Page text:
After a 4 hour bus ride from Porto to Lisbon, I was less than pleased to find out my debit card wasn't working, which meant I had 6 euros cash in Portugal's capital city: NICE! This was after climbing from the bus station to my hostel WAY up up up on a hill for about an hour, getting lost a few times on dead-end streets, with a dead phone, a soaking wet map, and a 20 lb pack and 10 lb backpack. I was so tired that instead of being worried about the cash, I spent 5 euros on a delicious curry-style meal in some run-down Indian restaurant, and it was the best decision I could have ever made. My energy was back up when the cold bottle of water they gave me replenished my dehydrated body.
After checking into "Nice Way" Hostel, it was clear the day was going to improve. The hosts were lovely, the view from the outdoor patio was fantastic, and there was free coffee and tea all day. I eventually figured out my bank situation by calling the international number (who knows how much that'll cost me). I found the public elevator (aka the one I should have taken to get to the hostel) to buy groceries, then explored some small streets.
These are the traveling situations people don't talk about but that always come up! It helps to have fellow hostel-goers who have all experienced these kinds of frustrating situations and offer you sangria when you plop on the hostel couch, drenched with sweat ready for a nap. I met some fun people from Germany and Morocco and we shared grapes and cheese and olives watching the sunset.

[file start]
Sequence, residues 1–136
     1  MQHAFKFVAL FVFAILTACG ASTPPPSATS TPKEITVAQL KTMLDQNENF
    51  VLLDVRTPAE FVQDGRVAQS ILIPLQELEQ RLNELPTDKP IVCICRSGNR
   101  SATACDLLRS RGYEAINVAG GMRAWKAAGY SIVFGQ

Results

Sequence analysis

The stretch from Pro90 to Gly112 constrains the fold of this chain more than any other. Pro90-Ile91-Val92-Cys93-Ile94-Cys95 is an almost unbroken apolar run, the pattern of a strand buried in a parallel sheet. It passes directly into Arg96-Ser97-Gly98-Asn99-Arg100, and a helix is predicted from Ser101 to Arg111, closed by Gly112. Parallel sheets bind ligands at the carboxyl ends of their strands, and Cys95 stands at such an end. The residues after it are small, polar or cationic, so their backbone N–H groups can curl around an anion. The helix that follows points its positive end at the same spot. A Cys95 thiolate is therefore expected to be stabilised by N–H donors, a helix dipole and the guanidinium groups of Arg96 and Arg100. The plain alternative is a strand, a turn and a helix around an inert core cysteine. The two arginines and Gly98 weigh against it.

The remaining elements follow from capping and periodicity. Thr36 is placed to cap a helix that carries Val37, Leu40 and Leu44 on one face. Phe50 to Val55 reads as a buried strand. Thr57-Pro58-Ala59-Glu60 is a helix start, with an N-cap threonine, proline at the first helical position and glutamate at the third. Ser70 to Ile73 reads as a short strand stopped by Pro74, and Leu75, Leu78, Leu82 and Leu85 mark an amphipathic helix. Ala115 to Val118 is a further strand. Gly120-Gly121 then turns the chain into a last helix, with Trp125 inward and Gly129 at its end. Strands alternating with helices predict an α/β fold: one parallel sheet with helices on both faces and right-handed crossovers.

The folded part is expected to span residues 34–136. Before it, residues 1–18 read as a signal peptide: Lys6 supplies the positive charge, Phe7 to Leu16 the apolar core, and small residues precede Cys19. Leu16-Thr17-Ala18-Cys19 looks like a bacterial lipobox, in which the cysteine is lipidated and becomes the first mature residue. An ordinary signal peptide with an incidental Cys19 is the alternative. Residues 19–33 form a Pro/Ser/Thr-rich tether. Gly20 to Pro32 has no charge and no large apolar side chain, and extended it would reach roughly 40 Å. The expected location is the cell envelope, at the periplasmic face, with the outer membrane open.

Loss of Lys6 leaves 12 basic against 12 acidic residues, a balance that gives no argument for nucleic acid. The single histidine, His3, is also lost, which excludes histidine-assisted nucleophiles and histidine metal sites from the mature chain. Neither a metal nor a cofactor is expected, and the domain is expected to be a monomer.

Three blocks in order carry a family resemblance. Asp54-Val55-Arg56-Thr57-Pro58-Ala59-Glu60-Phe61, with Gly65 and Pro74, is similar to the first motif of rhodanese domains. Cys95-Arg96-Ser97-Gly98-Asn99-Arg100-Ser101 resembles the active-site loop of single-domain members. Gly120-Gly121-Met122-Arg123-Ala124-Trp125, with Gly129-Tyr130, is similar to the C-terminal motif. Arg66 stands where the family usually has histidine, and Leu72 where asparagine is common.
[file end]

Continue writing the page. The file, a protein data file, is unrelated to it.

Chao Spain! After leaving notes all over Charlotte's apartment, I took a train to Porto, walked from the train station with my giant pack into town, and checked into a different hostel just for fun. It was the right decision: Tattva has a rooftop patio. After a much-needed Skype date with my mom, I visited a massive church called "Se", walked across top of Luiz bridge for magnificent views, discovered tiny streets I hadn't seen the first time around, and sweat an absurd amount in the blazing sun. I had a 5 euro lunch (fantastic, ecuadorian-style almuerzo), and enjoyed a lovely ice cream in the sunshine. I REALLY enjoyed that ice cream. I napped by the other side of the river after eavesdropping on Portuguese conversations and admiring keepsakes in artisan stalls. I head back to hostel, then ate bruschetta and sipped espresso at a nearby cafe.